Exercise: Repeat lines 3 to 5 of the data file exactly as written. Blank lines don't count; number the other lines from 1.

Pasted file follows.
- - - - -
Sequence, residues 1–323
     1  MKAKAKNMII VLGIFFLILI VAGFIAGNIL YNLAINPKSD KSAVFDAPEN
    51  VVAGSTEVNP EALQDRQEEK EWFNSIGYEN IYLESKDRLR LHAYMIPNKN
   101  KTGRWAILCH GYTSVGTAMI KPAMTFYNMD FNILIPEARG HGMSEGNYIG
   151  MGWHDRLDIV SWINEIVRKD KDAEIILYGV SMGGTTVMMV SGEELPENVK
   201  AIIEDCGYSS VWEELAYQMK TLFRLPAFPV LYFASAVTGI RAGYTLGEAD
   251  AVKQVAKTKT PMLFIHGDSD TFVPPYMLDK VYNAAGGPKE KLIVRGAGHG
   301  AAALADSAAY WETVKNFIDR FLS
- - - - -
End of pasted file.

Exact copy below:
    51  VVAGSTEVNP EALQDRQEEK EWFNSIGYEN IYLESKDRLR LHAYMIPNKN
   101  KTGRWAILCH GYTSVGTAMI KPAMTFYNMD FNILIPEARG HGMSEGNYIG
   151  MGWHDRLDIV SWINEIVRKD KDAEIILYGV SMGGTTVMMV SGEELPENVK